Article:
TOKYO -- Sega Enterprises Ltd. shares rose 5 percent yesterday after a Japanese newspaper said the game-maker will develop a next-generation home video-game player with Microsoft Corp.
A Sega spokeswoman declined to confirm or deny the report. She said her company has been in talks with Microsoft, the world's biggest software maker, "to explore the possibility of tie-ups." She declined to elaborate.
Officials at Microsoft weren't immediately available to comment.
The Nihon Keizai newspaper said Sega and Microsoft will likely sign an agreement in October to jointly manufacture and sell 128-bit game players that will be 10 times more powerful than Saturn, Sega's current top-of-the line machine.
Such a move would pit Microsoft, the world's largest software maker, against Nintendo Co.'s 64-bit Nintendo64 and Sony Corp.'s 32-bit PlayStation in the $15 billion-a-year global video-game market.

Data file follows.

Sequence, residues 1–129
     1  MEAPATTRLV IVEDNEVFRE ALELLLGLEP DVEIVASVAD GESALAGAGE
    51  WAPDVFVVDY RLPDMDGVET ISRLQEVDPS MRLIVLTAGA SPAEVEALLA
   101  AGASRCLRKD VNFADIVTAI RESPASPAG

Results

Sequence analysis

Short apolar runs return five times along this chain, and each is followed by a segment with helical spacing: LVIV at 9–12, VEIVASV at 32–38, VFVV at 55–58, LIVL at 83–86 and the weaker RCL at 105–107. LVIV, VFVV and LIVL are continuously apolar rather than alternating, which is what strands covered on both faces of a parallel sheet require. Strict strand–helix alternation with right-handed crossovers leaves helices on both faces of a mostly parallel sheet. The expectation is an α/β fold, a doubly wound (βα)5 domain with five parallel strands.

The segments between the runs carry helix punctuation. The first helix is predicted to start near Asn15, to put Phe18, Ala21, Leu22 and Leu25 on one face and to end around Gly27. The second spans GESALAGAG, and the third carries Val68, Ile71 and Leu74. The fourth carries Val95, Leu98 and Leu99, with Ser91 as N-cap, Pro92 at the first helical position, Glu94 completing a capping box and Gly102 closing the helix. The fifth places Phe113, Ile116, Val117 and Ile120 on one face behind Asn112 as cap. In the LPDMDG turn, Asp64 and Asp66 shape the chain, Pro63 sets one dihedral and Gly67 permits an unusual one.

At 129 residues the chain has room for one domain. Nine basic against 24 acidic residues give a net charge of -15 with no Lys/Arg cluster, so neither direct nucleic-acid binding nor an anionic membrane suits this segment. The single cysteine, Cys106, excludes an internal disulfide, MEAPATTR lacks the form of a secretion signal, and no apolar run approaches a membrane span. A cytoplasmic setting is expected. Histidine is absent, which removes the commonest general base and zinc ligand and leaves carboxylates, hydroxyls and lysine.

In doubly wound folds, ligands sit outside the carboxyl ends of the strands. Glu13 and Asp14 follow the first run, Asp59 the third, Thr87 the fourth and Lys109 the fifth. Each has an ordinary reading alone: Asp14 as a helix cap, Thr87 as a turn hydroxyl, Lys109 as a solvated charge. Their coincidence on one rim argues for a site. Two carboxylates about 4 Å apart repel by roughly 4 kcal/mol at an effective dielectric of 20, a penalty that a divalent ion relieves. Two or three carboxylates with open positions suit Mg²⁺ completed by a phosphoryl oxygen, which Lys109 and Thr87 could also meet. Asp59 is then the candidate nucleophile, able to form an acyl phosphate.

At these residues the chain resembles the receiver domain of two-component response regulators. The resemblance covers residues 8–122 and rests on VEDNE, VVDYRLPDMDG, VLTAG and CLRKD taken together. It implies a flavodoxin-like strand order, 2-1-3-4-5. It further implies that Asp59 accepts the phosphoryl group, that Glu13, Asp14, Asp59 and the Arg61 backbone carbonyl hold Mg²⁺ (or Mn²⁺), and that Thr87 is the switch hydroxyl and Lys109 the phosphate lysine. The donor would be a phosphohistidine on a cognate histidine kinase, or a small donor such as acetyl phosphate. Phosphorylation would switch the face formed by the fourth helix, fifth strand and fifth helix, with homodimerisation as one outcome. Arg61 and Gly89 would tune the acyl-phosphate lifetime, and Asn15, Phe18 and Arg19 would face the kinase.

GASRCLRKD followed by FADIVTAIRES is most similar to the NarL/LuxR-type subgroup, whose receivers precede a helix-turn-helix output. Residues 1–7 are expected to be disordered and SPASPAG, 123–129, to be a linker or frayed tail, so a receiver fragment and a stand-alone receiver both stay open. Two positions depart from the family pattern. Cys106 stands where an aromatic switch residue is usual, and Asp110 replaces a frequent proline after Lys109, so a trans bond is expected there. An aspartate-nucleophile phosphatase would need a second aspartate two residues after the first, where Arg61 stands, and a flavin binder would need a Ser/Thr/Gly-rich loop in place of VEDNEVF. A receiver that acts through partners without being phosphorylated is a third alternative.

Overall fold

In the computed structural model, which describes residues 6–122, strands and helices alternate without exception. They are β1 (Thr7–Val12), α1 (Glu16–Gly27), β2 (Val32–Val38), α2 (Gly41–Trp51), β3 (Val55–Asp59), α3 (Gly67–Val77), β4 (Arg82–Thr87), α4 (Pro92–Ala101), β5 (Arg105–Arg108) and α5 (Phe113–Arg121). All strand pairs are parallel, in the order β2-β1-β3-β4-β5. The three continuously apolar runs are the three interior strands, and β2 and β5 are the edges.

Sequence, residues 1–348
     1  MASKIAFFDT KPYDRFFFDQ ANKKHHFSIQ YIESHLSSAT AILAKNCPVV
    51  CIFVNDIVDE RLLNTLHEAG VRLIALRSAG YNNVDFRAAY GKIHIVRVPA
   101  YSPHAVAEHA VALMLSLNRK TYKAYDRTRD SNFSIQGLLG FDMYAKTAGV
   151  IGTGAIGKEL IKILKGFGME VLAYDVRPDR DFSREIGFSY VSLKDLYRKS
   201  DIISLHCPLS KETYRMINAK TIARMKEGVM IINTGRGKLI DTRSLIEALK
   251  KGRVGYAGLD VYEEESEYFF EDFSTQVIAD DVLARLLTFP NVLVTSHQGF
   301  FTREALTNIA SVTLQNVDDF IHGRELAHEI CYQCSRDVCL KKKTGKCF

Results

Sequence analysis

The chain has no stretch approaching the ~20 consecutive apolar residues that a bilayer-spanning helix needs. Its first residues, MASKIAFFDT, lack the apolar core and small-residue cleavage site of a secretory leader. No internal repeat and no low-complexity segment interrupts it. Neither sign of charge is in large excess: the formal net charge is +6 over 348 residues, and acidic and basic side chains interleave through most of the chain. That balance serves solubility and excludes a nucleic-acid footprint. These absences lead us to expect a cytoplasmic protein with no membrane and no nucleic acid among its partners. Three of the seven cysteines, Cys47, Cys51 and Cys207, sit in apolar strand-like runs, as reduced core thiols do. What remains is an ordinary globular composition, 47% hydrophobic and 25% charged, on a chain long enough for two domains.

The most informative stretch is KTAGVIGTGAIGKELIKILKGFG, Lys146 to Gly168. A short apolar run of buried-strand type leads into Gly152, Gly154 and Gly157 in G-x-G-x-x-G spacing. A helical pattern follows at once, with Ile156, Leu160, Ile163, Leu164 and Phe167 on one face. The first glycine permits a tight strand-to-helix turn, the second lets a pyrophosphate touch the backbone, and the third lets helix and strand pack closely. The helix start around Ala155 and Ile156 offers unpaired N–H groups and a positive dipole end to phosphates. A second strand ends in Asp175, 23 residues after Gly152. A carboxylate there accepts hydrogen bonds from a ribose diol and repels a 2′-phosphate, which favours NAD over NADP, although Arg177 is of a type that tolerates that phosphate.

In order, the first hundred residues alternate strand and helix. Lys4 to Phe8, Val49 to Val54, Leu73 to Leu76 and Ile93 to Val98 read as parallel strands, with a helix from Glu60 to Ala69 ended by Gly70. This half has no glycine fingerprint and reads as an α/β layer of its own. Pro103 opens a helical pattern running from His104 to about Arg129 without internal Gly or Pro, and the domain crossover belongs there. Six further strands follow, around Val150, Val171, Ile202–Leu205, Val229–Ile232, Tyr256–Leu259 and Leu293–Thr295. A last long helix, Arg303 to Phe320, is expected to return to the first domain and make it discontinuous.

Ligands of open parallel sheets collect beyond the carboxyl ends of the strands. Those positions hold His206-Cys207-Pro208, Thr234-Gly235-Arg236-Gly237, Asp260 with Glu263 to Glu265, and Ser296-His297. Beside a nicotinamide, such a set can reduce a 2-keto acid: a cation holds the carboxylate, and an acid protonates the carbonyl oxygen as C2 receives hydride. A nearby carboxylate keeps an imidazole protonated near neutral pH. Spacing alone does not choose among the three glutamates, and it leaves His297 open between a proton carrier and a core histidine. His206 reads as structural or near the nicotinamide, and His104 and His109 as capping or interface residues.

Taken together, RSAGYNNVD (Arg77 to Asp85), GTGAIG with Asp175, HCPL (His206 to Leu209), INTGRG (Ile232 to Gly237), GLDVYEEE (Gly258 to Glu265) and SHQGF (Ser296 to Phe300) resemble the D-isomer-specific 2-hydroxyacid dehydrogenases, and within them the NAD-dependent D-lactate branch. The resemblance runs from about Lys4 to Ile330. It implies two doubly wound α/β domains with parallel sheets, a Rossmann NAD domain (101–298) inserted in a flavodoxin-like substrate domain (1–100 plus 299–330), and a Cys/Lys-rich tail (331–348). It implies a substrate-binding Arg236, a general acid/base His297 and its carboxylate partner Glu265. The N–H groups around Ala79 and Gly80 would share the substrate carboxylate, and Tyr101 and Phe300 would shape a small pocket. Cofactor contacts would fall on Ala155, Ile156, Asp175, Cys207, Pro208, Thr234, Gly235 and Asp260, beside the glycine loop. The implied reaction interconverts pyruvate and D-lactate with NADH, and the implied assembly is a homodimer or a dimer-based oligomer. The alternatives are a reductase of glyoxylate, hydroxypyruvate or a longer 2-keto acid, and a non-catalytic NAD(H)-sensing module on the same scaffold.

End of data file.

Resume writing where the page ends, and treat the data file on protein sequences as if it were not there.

Reinier Dobbelmann, an electronics analyst at SBC Warburg Japan Ltd., said it's unlikely Sega would develop a 128-bit machine because it would be too expensive to mass produce a model with those specifications.
"They're considering a number of different things, but nothing is finalized," Dobbelmann said. "Sega's been talking to Microsoft since 1994 and nothing has really come of it."
Sega rose 180 yen to 3,730 in trading of 264,500 shares.
"We're always trying to develop new video-game players. Though we can't say when one will come out," said the Sega spokeswoman, who declined to be identified.
Nikkei said the new Sega machines will use Microsoft's Windows CE operating system, enabling their software to be played on personal computers.
The machines are expected to sell in Japan for about 30,000 yen ($250), the newspaper said.
Pub Date: 9/09/97